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Published: April 7th 2011
1-2 April 2011 Cuenca, Ecuador (the valley city)
After an 8 hour road trip in a privately hired bus, we arrived at beautiful Cuenca. Of all of the cities in Ecuador, Cuenca is arguably the most charming with its cobblestone streets, old-world cathedrals, colonial parks and urban rivers. The famously traditional Cuencanos continue a proud intellectual tradition that has produced more notable writers, poets, artists, and philosophers than anywhere else in Ecuador. There are many museums in the city some of which have taken over the buildings which used to be banks after many of the banks suffered from a collapsing economy in 1989. Cuenca is the capital of the Azuay province, the third largest city in Ecuador, and the economic center of the southern Sierra. These distinctions, along with the city's incredibly preserved history, recently earned Cuenca the honour of being listed as a UNESCO World Heritage Trust site. Cuenca's well-preserved history and cultural traditions make it a fantastic tourist destination. It is also known as a city of festivals.
Our hotel was close to everything. Diego, our guide, took us on a city orientation walking tour, showing us all the beautiful buildings of the northern/old section. Many
of the terraced homes were colonial in style.
The 1st night after dinner, we went to where a festival was being held. The newly elected Mayor was celebrating, offering the people a brass band entertainment and fireworks. Apparently there are frequent fireworks in the city. There were a lot of people attending. The shops close at about 7.00pm most nights. We were back in the hotel by the time the fireworks went off.
The next day Diego took us on a more detailed city tour. We certainly saw the Spanish influence in the architecture. He also took us to the Panama Hat Museum where Tom bought himself a hat. He looks good in it and as most of you know he loves hats, he was in hat-heaven!! We also learned how the ladies made the hats in the past and how they are made now. There are healthier chemicals used to treat the plant material and the equipment is less RSI-causing. They became the Panama Hat after one was given to US President on the opening of the Panama Canal – even though they have always been made in Ecuador.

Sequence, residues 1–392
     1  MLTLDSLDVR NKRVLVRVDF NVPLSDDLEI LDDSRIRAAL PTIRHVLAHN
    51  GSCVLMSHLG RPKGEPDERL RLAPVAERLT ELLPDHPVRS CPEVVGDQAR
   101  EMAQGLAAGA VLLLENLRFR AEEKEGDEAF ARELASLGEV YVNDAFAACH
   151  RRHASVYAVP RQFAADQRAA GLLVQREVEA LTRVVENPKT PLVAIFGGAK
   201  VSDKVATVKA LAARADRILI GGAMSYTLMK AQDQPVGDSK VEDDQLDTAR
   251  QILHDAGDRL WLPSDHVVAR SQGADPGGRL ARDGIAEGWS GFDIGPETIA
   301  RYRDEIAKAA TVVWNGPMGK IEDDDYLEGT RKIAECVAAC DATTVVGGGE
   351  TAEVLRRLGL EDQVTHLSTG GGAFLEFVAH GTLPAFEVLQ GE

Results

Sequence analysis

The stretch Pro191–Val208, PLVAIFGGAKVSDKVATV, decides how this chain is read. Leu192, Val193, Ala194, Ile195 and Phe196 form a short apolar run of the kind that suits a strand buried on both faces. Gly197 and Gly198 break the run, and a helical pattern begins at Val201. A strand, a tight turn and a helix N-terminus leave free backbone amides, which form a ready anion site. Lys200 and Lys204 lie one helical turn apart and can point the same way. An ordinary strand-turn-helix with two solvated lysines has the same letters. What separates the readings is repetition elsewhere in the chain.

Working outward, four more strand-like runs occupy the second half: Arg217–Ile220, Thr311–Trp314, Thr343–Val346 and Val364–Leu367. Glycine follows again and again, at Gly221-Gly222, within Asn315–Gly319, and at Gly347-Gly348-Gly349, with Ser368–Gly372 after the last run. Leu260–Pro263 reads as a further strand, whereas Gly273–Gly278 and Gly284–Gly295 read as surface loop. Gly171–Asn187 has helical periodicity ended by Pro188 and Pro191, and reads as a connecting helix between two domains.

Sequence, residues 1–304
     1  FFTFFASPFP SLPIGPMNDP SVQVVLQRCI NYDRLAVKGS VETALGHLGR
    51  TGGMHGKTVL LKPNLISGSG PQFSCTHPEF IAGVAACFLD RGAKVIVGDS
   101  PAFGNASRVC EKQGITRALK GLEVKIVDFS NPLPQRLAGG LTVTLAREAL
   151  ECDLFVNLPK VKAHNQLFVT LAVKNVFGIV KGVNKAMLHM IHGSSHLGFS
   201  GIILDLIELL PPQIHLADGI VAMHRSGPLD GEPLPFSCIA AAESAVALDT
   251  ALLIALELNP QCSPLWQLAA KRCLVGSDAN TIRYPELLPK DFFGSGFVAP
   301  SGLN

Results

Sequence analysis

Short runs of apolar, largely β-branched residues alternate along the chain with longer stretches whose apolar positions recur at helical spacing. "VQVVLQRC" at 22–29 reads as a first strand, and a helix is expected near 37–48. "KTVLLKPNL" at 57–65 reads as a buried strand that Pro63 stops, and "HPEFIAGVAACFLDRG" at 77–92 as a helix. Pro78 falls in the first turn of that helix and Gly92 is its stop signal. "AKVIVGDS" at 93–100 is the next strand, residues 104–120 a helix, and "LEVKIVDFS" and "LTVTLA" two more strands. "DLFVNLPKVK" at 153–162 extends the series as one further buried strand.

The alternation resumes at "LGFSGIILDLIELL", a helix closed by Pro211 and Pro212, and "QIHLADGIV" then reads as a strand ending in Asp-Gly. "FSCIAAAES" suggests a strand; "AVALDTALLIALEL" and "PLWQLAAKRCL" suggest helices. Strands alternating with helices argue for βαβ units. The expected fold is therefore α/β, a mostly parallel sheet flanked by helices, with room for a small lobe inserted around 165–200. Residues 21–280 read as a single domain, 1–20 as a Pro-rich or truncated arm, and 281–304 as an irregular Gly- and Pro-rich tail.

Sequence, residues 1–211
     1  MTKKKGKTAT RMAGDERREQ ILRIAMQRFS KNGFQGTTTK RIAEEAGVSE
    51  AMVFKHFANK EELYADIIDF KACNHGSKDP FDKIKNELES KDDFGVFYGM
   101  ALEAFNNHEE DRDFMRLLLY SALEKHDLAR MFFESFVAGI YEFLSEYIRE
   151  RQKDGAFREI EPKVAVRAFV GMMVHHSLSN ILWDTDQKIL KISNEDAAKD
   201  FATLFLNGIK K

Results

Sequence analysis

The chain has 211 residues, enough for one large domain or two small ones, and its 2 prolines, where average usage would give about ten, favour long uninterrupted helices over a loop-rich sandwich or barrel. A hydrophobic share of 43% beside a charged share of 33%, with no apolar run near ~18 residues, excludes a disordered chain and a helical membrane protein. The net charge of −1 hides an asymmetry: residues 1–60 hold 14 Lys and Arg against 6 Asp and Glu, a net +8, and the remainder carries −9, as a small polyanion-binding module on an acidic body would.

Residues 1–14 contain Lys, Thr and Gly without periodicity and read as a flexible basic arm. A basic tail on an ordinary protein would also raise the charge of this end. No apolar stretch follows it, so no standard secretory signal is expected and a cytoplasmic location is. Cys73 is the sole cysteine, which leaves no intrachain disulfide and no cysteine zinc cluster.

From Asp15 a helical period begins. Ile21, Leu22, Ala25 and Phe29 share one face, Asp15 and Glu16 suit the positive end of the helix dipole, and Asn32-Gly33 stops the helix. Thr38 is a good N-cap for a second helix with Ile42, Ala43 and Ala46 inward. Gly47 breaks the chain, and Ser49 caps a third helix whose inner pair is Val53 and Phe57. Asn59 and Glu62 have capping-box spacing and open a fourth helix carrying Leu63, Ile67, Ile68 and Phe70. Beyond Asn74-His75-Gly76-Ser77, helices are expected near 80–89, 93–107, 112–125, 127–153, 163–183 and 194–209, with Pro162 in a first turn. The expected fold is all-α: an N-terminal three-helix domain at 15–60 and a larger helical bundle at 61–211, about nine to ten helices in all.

In the afternoon we went to the Inca Museum,
but unfortunately it was closed being after 1.00pm Saturday. We walked around this massive building and saw the foundations of many Inca buildings. The Spanish destroyed much of the Inca buildings but we saw the stoned of these destroyed buildings used as foundations of the Spanish buildings.
Later in the afternoon, we took a bus trip around the new (South of the river) section of the city. We stopped up the lookout where saw how expansive the city was. We came across a massive shopping centre called the Mal del Rio which was even bigger that some of the (US) American centres.
Cuenca's history begins long before the arrival of both the Spanish and the Inca. The city was originally a Cañari settlement called Guapondeleg and is believed to have been founded around 500 AD Guapondeleg translates into "land as big as heaven."
The New Cathedral (Catedral de la Inmaculada) dominates the plaza.
Less than half a century before the conquistadors landed, the Inca, after a bitter struggle, conquered the Cañari and occupied Guapondeleg and the surrounding area. Though the Inca replaced Cañari architecture with their own, they did not exclude the Cañari or their impressive achievements in
astronomy and agriculture. Rather, they absorbed these elements of Cañari culture, as was customary when they conquored other cultures.
Shortly after the defeat of the Cañari, the Inca commander, Tupac Yupanqui, ordered the construction of a grand city - Pumapungo, "the door of the Puma" - whose magnificence was to challenge that of the Inca capital of Cuzco. Indigenous people told the Spanish conquerors’ stories of golden temples and other such wonders, but by the time the Spaniards found the legendary city of Pumapungo, all that remained were ruins, leaving the Spanish to wonder what happened to the fabled splendour and riches of the second Inca capital.
After being abandoned by the Cañari and then the Inca, Cuenca was sparsely populated until the 1550's. The Cuenca that exists today was founded by the Spanish in 1557, which was relatively late, considering southern Ecuador's other major city, Loja, was founded in 1548.
Cuenca's population and importance grew steadily during the colonial era and reached the peak of its importance in the first years of Ecuador’s Independence; it became the capital of one of the three provinces that made up the republic, the other two capitals were Guayaquil (which is
on the coast) and Quito.
We enjoyed Quito
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